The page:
New cybersecurity range at UC will teach quick response to cyber threats

CINCINNATI - A new cyber range unveiled on Tuesday at the University of Cincinnati will become a virtual training ground for students, emergency responders and business leaders to learn how to defend against cyberattacks.

UC leaders hope the Ohio Cyber Range, developed with the help of a $1.9 million state grant, boosts the region as a pipeline for cybersecurity talent.

“The end goal: Southwest Ohio will become the region's and the nation’s biggest and most reliable source of IT talent, particularly in the concentration of cybersecurity,” said Hazem Said, director of the UC School of Information Technology.

Cyber experts liken the new virtual facility to a shooting range where police officers go for target practice. The cyber range will allow students, and eventually state emergency responders and business IT leaders, to learn how to quickly defend against sophisticated attacks.

“The whole idea of cybersecurity is to put doors and locks on your house,” Said said. “We built a digital economy in this Information Age, which is like building walls on a home. Cybersecurity is like adding the windows and the doors, locks and keys.”

Several years ago Gov. John Kasich asked state leaders to develop stronger cybersecurity infrastructure and strengthen Ohio’s cyber workforce.

That led to the creation of the Ohio Cyber Collaboration Committee, a group of more than 200 from public, private, military and educational organizations.

Once the committee came up with the idea for a cyber range and began scouting a site for it, they realized that UC already had a framework in place.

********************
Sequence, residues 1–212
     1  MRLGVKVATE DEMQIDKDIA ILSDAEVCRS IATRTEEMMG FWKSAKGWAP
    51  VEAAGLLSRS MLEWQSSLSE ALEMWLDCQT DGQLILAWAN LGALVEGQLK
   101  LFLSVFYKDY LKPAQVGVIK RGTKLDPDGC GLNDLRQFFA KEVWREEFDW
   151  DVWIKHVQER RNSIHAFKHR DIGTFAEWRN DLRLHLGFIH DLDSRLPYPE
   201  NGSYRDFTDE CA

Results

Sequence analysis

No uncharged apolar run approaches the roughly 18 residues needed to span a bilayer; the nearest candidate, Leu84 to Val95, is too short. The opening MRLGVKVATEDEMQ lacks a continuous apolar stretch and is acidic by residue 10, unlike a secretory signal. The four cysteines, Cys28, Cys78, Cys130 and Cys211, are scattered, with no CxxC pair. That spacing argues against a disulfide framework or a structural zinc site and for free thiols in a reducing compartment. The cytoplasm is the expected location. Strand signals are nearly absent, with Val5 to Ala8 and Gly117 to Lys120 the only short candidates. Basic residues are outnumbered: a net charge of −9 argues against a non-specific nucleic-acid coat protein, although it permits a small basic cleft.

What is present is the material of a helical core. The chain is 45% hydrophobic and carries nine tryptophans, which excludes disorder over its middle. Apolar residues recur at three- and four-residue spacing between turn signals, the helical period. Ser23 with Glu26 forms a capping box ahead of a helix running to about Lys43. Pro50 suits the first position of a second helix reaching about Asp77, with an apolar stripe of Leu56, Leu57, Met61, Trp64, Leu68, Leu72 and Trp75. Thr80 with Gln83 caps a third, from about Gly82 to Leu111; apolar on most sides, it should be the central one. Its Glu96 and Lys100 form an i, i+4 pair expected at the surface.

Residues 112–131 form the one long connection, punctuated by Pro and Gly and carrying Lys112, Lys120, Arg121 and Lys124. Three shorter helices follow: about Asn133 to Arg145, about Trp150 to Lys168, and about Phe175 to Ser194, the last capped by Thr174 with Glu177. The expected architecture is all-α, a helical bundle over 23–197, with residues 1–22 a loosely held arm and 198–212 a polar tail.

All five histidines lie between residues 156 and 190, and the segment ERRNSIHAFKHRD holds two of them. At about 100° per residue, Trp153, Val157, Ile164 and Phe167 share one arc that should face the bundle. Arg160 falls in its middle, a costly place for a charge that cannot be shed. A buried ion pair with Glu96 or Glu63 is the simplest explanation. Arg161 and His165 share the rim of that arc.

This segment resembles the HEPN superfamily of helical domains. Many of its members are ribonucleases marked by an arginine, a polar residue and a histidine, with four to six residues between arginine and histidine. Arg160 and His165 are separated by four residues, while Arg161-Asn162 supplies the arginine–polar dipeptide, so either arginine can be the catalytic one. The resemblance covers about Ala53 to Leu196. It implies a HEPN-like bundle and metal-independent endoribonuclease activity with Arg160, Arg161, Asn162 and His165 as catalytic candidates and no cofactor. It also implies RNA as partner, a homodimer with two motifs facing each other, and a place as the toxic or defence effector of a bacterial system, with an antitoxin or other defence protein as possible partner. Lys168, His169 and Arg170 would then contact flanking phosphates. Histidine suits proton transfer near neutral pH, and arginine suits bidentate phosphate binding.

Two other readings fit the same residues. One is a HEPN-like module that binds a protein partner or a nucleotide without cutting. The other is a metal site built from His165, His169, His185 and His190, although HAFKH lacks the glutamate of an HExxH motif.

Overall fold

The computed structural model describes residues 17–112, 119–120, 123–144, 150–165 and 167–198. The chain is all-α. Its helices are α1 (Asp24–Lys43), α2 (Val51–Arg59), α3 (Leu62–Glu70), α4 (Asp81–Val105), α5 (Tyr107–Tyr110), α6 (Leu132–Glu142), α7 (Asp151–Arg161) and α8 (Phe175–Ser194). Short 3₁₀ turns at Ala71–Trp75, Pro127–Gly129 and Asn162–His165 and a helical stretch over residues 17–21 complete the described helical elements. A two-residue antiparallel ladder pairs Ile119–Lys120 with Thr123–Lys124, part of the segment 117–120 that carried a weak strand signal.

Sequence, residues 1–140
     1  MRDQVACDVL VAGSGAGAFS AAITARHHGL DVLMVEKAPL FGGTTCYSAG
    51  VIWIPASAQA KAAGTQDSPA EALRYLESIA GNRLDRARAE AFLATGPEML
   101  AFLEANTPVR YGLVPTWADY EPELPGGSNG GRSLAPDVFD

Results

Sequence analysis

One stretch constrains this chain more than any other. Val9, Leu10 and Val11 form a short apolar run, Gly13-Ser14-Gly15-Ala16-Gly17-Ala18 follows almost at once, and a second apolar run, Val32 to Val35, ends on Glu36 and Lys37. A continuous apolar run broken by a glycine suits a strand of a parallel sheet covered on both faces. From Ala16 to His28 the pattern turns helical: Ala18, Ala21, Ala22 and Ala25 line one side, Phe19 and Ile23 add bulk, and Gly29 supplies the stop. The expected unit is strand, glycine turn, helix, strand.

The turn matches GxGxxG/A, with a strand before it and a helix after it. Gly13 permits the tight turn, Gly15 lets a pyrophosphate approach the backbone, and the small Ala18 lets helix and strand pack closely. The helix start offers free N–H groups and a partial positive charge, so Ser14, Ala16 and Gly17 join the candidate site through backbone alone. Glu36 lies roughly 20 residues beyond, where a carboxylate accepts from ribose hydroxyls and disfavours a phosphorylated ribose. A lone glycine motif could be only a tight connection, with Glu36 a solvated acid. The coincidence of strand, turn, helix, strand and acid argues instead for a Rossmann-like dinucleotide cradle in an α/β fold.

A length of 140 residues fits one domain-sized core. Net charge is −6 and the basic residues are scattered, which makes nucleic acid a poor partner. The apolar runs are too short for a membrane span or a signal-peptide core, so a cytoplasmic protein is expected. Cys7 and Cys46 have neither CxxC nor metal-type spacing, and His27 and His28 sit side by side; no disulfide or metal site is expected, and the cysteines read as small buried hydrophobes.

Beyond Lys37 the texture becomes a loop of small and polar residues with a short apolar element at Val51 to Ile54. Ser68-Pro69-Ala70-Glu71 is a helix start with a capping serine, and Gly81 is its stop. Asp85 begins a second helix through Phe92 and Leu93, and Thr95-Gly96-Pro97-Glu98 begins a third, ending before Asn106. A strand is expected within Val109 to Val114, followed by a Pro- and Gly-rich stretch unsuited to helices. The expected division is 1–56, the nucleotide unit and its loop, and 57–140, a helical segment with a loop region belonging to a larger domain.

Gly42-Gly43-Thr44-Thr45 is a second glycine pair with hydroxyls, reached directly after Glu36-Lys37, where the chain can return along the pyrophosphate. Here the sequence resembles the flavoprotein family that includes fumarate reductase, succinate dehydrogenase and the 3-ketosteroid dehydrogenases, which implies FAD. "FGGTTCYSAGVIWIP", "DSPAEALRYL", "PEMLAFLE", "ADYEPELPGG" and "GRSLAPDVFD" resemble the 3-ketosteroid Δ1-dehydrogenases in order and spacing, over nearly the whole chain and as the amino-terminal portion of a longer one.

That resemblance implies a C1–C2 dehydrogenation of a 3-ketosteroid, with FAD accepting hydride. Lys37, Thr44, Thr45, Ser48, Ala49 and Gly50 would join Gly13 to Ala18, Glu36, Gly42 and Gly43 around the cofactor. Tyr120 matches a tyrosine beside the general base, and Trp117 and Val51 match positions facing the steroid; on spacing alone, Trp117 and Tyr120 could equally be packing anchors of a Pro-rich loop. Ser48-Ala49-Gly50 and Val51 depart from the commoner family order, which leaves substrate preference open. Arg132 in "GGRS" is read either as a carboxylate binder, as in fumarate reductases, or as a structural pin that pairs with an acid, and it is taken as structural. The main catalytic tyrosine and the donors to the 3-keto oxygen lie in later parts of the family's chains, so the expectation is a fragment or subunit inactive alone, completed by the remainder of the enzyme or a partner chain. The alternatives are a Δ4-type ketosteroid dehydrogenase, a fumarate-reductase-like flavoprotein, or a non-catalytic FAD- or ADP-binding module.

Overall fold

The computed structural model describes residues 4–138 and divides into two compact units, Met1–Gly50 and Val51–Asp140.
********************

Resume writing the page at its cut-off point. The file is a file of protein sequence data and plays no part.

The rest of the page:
In 2013 two UC senior IT students designed a “Sandbox” virtual computing system that the university eventually decided to implement it at the school with a $500,000 investment.

“When the state came to us, we showed them the Sandbox and our expertise … and the state was very excited because they are not starting from scratch, they are able to leverage the five years of experience we already have,” Said said. “What the state support allows us to do is grow our existing capabilities to higher levels than before.”

The $1.9 million state grant will allow the Sandbox system to be expanded into a cyber range that is eventually accessible by all Ohio high school and college students, as well as the private sector.

“A company can use the range as a hands-on learning tool for its interns in a secure environment that is not tied to their network,” said Maj. Gen. Mark E. Bartman, adjutant general of the Ohio National Guard. “The cyber range will also support emergency cyber exercises with Ohio National Guard and the Ohio emergency management agencies.”

The range will be a virtual training ground for cybersecurity exercises and competitions to train in incident response, Bartman said.

UC is gradually expanding the number of high school districts that may use the cyber range.

This year UC’s School of Information piloted a program to train high school teachers how to teach IT courses in their classrooms, so that students have the necessary skills for the cyber range. That program will reach 18 school districts and 20 high schools in the coming school year.

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